At least nobody showed up armed and in camo exercising what they see as their Second Amendment rights… I always expect that to happen, hasn’t yet though.

    Meanwhile, the first batch of deer tallow soap has finished curing and seems to work quite well.

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  7. Dorothy said on March 6, 2024 at 9:29 am

    I probably will never get away from the feeling that I’m not high-falutin’ enough to really enjoy opera. Which is a shame because I worked with very gifted artists in the Dept of Music at UD. I did attend some performances, but most of the time I just mostly enjoyed hearing my colleagues sing so gorgeously, even though I wasn’t following the story very well. The other day on IG I came across a reel of someone microphoned up in a mall somewhere, and he began singing, and then others joined him (a pop up flash mob kind of thing I guess they’re called). And it was gorgeous and gave me chills. I showed it to Olivia in the hope of letting her know there are all kinds of music to appreciate, not just pop music or Christmas or Disney tunes.

    Alex you’re right about the sleeping dogs aspect of that tale. In 2018 when my husband developed a large blood clot in his throat just 15 hours after his thyroid was removed, and we had quite the scare when he was intubated and in the hospital for 4-5 days as a result, we never saw one tiny piece of paper with any kind of pricing on it for that situation. We assumed the surgeon who removed his thyroid on a Friday took responsibility for everything that happened starting Saturday at 7 AM with his throat feeling like it was closing up and we called the paramedics. So we will never poke that sleeping dog, and I admit I’d love to know how much that all came to.

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  8. LAMary said on March 6, 2024 at 9:35 am

    Yeah, it’s xenophobic. I was tired and fed up last night. Not surprised but still disappointed. The orange pustule was stringing together stupid lie after lie and his toadies were soaking it up.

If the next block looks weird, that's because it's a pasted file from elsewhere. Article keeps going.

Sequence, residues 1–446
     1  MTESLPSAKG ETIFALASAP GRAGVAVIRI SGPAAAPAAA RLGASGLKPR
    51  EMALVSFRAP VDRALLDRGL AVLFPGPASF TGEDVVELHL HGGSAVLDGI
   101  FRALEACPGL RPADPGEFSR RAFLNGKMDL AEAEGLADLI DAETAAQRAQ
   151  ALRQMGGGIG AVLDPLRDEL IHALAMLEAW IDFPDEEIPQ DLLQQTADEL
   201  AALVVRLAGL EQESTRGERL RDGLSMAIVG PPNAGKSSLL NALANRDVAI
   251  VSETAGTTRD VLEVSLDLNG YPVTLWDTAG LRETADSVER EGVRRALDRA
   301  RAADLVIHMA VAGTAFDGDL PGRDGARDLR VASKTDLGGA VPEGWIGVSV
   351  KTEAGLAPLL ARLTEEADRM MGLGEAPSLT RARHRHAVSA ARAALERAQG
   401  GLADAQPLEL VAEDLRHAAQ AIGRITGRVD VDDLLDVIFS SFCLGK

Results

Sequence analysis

Here in L.A. Adam Schiff has to run against Steve Garvey to replace Diane Feinstein. Schiff’s campaign went after Garvey to avoid having to run against Katie Porter. I was on the phone with my nephew in CT and he asked what Garvey had done since retiring from first base. Nephew was appropriately impressed when I told him Steve has been hustling reverse mortgages on television and promising to send a signed baseball to everyone who calls for more information.

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  9. alex said on March 6, 2024 at 10:08 am

    I subscribe to both the WaPo and NYT and both seem to be spreading pessimism and alarmism, yet my critical faculties tell me that it cannot possibly bode well for the Orange Turd if such large percentages of Republicans are voting against him.

    What also goes unmentioned in all of the mainstream media’s horse-race coverage is that Haley is picking up a significant number of delegates and this will give her some clout at the GOP convention to demand such things as a return to the party having a platform, aid to Ukraine and continued loyalty to our NATO allies. This is doubtless why she stayed in the race this long and why donors kept on giving.

    Still, the stress of it all is taking quite a toll on me and I’m sure you’re all feeling it too. I’m mitigating it by having retired early from a stressful job situation and seeking out soothing diversions.

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  10. Julie Robinson said on March 6, 2024 at 10:37 am

    Haley has dropped out, without endorsing Trump.

    Oh, that John Cage, trickster composer of 4’33”. It has three movements, all completely silent. Genius or naked Emperor, everyone gets to decide. Although I kinda get what he’s doing, I don’t care for his actual music.

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  11. Jeff Borden said on March 6, 2024 at 11:08 am

    Hardly surprising but Mitch McConnell–who is retiring and has nothing to lose–endorsed the Orange Ki ng, he’s as craven as ever.